(Sylvilagus palustris palustris)
This rabbit is about the size of the eastern cottontail, with relatively short legs and small, slender, orange-buff or reddish-buff feet and a rather dark buffy-brown to reddish-brown dorsum. It has a small tail, which is dingy gray or brown.. The underside is reddish brown and the nape is dark cinnamon rufous. The back, rump, upper tail, and hind legs vary from chestnut brown to a dark rusty red. The toenails of the hind feet are unusually long and conspicuous and the feet appear small and slender since they lack fur. They have a total length of about 448 mm, and a weight of 0 .9 to 1.6 kg. This species breeds year round with an average of 5.7 litters per year of 3-5 young per litter being born. This species is primarily nocturnal but feeding in tidal marshes prevents it from being completely nocturnal. It makes runways in marshes, and is also considered an excellent swimmer. Instead of hopping this species usually walks, particularly when moving across soft mud. Its tracks are readily distinguishable in mud by its exceptionally long toe-nails. They do not live in burrows but instead build a nest that is constructed from soft grasses and rabbit fur. Major causes of mortality in the species are human related activities, including fire and domestic dogs. Predators include foxes, weasels, bobcats, owls, hawks and man.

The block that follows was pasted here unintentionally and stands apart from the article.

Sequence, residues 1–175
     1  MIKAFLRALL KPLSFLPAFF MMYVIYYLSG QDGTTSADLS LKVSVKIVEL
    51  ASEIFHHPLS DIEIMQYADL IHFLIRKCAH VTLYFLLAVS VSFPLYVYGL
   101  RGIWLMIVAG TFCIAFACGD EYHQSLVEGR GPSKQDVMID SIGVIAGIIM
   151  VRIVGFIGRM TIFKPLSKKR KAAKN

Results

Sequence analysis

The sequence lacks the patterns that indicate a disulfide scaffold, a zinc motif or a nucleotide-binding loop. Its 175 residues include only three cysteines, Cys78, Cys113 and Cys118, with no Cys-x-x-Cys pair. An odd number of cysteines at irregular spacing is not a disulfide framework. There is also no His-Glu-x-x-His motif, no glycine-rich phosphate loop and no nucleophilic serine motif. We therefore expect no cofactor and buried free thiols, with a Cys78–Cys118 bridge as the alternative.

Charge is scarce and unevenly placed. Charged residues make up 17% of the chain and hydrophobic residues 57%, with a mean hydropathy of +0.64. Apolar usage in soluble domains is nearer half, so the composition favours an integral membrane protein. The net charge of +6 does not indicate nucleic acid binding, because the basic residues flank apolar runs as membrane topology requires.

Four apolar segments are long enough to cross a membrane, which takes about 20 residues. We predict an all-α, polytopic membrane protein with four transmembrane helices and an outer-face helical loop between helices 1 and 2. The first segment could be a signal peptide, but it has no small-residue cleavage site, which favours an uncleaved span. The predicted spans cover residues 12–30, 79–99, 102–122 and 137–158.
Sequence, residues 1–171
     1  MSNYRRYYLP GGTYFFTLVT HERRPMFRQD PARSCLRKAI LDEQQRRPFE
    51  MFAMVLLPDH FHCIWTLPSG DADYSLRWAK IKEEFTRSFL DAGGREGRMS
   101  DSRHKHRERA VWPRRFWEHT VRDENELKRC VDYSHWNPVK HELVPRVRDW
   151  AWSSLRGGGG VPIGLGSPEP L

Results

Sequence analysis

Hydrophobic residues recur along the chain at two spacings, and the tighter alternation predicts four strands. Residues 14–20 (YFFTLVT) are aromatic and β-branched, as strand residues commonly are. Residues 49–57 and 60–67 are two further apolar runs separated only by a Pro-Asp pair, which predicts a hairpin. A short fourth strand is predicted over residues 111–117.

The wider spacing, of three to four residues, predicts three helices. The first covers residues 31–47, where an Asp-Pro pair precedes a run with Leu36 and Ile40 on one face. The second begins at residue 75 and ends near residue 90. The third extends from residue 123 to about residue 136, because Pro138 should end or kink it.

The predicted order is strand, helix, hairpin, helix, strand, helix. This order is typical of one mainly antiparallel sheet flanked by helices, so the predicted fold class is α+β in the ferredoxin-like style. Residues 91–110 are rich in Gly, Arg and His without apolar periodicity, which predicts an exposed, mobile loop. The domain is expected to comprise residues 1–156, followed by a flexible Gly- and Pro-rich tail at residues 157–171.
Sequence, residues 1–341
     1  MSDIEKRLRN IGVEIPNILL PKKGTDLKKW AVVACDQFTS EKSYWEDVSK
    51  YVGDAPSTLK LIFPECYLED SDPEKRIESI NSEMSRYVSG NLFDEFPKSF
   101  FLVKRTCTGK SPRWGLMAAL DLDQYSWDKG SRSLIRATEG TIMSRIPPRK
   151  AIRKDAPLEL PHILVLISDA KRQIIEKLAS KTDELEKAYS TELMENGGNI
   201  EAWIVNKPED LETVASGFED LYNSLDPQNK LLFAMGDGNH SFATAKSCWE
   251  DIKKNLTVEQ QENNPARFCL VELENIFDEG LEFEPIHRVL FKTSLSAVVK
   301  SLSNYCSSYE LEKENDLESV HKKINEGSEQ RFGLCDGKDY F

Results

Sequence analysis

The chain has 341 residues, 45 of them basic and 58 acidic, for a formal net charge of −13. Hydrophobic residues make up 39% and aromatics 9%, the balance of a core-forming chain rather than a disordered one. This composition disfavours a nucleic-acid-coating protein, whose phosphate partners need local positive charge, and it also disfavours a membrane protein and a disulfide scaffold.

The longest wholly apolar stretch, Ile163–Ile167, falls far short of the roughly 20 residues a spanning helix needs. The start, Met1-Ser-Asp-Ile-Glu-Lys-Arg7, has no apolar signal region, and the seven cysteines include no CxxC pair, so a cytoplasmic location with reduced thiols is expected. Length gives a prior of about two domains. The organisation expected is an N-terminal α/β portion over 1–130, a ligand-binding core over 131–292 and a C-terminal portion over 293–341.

This species is isolated to the southeastern corner of Virginia. Unlike other Sylvilagus, this species is confined solely to marshy habitats. Unlike other Lagomorphs, the single most important factor limiting the distribution of this species is the availability of water. This is the most aquatic of North American rabbits.
It is a herbivore and consumes a variety of vegetation including cattails, greenbriers, rushes, grasses, blackberries and woody plants. They consume 1/4 to 1/3 of their body weight in food each day.